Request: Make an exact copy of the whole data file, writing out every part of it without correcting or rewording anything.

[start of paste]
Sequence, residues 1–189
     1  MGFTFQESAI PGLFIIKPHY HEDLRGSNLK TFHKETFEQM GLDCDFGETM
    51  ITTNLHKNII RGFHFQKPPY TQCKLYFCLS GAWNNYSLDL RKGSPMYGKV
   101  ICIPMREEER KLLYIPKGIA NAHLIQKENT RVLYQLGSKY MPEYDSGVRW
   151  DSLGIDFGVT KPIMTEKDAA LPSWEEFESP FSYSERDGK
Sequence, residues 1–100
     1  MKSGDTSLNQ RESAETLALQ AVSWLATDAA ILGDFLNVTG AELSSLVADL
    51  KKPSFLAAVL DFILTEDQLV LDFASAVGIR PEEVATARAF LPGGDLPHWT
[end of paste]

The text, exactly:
Sequence, residues 1–189
     1  MGFTFQESAI PGLFIIKPHY HEDLRGSNLK TFHKETFEQM GLDCDFGETM
    51  ITTNLHKNII RGFHFQKPPY TQCKLYFCLS GAWNNYSLDL RKGSPMYGKV
   101  ICIPMREEER KLLYIPKGIA NAHLIQKENT RVLYQLGSKY MPEYDSGVRW
   151  DSLGIDFGVT KPIMTEKDAA LPSWEEFESP FSYSERDGK
Sequence, residues 1–100
     1  MKSGDTSLNQ RESAETLALQ AVSWLATDAA ILGDFLNVTG AELSSLVADL
    51  KKPSFLAAVL DFILTEDQLV LDFASAVGIR PEEVATARAF LPGGDLPHWT